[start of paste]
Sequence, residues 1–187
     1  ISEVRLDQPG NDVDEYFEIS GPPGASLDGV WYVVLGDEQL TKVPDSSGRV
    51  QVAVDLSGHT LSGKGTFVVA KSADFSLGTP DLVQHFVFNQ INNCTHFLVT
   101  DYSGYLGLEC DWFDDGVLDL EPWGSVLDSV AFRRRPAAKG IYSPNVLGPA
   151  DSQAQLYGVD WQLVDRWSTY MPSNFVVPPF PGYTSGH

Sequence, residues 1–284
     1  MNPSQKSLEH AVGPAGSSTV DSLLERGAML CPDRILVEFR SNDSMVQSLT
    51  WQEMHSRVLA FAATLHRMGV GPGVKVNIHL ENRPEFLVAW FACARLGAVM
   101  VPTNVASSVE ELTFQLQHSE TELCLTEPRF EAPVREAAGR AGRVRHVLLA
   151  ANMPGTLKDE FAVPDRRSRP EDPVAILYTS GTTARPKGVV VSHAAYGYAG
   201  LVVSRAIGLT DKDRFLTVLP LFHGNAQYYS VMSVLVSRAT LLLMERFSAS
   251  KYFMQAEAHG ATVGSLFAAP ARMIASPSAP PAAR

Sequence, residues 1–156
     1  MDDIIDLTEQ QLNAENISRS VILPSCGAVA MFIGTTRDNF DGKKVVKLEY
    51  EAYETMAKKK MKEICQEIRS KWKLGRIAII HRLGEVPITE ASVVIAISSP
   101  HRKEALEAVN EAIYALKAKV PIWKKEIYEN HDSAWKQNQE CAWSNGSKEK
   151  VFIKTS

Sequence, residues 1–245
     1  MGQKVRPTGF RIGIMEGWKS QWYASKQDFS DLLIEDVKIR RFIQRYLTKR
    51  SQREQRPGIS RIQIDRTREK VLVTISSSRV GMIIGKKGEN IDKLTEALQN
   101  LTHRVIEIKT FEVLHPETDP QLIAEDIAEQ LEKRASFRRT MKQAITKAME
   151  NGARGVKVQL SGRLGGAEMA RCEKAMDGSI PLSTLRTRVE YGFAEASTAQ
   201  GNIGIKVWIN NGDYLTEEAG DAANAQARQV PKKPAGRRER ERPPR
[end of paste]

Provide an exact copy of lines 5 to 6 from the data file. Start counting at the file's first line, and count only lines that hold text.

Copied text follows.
   151  DSQAQLYGVD WQLVDRWSTY MPSNFVVPPF PGYTSGH

Sequence, residues 1–284